But advancing those policies doesn’t require a more centrist president. What is needed is fewer Republicans and their “center” allies in the House and Senate. That means welcoming Democratic candidates who share values ​​and goals that align with their states and counties. Once you’re outside of DC, one scale certainly doesn’t fit all political spheres. In some states, that means more centrist candidates, though it could mean turning away from the more left-leaning Democratic platform.

Of all the national leaders in the Democratic Party, it is in fact the one best positioned to lead the campaign that achieved such success in November. It just so happened to be the one the Democrats. chose as their candidate for president in 2020 and who, thanks to his broad national appeal and commitment to a dictatorial agenda, won eight million votes.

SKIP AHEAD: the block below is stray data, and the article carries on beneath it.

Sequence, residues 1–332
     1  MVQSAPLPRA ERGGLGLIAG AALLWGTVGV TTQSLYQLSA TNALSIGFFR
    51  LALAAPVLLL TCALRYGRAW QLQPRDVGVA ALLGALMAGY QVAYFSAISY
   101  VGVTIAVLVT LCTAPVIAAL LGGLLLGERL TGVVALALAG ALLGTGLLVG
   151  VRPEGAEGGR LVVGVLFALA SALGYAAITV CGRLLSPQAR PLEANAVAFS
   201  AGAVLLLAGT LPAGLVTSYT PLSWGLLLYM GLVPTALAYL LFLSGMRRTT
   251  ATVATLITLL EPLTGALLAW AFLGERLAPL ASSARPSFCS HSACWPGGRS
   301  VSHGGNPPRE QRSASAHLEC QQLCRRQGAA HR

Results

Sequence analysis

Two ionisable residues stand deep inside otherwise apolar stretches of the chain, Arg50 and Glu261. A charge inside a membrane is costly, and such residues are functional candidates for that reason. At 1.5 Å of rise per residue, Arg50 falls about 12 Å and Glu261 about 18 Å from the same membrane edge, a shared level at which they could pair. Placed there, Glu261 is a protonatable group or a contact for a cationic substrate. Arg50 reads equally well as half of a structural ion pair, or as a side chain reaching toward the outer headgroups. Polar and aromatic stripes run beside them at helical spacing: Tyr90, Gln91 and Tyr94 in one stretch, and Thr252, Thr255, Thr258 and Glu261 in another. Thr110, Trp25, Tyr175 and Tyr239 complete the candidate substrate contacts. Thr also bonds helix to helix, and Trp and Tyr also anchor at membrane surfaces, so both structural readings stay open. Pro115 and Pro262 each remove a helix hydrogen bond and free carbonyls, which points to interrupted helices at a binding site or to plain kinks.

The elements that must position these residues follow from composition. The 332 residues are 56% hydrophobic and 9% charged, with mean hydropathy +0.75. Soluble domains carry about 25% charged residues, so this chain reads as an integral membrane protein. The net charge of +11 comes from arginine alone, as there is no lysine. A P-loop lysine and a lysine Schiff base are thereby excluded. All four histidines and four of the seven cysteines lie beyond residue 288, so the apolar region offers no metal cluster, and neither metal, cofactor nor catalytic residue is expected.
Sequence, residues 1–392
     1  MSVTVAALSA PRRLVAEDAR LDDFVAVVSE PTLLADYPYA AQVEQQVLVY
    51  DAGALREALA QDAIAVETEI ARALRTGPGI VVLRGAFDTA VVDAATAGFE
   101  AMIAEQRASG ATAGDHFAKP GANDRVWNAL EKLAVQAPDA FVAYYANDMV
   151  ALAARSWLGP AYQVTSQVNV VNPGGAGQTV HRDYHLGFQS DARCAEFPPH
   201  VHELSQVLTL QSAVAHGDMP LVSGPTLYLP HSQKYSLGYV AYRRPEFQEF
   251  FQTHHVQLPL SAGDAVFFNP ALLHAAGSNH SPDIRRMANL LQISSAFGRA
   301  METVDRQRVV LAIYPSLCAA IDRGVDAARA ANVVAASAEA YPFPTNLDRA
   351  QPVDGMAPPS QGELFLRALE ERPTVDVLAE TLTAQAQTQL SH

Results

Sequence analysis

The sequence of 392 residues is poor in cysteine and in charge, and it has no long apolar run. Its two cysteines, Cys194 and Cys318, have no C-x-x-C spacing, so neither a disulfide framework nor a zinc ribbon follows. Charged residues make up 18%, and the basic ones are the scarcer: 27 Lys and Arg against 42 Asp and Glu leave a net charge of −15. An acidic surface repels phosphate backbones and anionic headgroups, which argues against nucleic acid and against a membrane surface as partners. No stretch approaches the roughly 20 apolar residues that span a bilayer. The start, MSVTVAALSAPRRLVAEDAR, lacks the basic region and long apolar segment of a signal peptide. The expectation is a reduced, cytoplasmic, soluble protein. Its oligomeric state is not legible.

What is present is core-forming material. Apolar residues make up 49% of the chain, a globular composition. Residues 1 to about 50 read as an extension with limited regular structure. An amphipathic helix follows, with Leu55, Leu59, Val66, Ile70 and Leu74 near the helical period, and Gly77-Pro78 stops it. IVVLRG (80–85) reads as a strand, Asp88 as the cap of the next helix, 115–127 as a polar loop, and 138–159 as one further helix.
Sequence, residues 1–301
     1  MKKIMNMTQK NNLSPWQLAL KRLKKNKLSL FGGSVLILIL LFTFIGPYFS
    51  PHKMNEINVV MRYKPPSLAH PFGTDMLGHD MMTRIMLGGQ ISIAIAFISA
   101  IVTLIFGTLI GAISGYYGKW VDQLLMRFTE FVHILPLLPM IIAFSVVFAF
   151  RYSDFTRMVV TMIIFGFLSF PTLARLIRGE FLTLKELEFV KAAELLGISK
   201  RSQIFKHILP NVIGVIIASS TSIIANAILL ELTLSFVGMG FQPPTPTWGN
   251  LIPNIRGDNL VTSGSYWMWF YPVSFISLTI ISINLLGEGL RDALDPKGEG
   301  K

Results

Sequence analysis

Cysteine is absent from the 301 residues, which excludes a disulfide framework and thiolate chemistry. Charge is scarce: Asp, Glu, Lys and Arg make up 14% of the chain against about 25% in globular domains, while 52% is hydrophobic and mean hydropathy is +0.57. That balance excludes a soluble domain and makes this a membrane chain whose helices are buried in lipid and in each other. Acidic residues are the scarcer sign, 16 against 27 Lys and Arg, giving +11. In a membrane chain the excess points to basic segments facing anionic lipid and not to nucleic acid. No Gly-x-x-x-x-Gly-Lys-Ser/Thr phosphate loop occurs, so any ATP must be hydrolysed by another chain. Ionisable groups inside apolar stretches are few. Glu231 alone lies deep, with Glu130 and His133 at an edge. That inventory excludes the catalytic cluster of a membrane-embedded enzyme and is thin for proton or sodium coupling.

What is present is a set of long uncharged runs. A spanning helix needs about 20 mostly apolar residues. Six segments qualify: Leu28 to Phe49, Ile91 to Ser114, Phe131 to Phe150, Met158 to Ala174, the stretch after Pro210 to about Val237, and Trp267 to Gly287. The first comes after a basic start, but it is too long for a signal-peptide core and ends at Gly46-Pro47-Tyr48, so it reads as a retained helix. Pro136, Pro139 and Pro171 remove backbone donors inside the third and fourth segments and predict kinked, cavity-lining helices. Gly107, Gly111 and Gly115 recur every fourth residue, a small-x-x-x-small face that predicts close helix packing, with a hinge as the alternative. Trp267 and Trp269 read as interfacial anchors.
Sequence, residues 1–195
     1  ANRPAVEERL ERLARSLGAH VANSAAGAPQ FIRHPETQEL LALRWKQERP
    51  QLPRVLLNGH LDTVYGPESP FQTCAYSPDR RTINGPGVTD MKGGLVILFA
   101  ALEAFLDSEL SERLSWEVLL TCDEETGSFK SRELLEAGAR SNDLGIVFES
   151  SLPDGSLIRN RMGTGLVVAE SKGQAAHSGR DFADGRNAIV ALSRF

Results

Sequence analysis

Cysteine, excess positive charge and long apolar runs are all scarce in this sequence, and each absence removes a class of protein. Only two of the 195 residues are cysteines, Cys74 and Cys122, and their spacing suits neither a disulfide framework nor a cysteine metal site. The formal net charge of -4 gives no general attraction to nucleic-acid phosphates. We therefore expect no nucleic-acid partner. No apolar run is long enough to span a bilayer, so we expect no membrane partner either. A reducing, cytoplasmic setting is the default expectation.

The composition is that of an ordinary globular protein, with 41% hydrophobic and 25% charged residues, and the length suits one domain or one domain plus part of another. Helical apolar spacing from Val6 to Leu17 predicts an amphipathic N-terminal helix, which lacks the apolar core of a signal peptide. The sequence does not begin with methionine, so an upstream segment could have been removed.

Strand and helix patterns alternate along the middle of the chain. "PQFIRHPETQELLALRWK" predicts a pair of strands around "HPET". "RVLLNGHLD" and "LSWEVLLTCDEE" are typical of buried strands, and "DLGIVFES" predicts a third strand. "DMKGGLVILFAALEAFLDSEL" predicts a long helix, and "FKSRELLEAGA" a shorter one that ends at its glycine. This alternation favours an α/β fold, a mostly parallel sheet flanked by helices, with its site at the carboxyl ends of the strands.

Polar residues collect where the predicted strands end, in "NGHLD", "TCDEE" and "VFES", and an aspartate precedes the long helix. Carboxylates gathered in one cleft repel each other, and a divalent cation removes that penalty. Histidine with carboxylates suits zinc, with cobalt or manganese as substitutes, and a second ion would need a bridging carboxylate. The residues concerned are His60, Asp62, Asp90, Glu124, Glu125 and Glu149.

https://www.thedailybeast.com/dc-is-a-donut-there-is-no-center-in-washington-politics?source=articles&via=rss DC is a donut. There is no political center in Washington


ClareFora is a Interreviewed U.S. News Reporter based in London. His focus is on U.S. politics and the environment. He has covered climate change extensively, as well as healthcare and crime. ClareFora joined Interreviewed in 2023 from the Daily Express and previously worked for Chemist and Druggist and the Jewish Chronicle. He is a graduate of Cambridge University. Languages: English. You can get in touch with me by emailing: clarefora@interreviewed.com.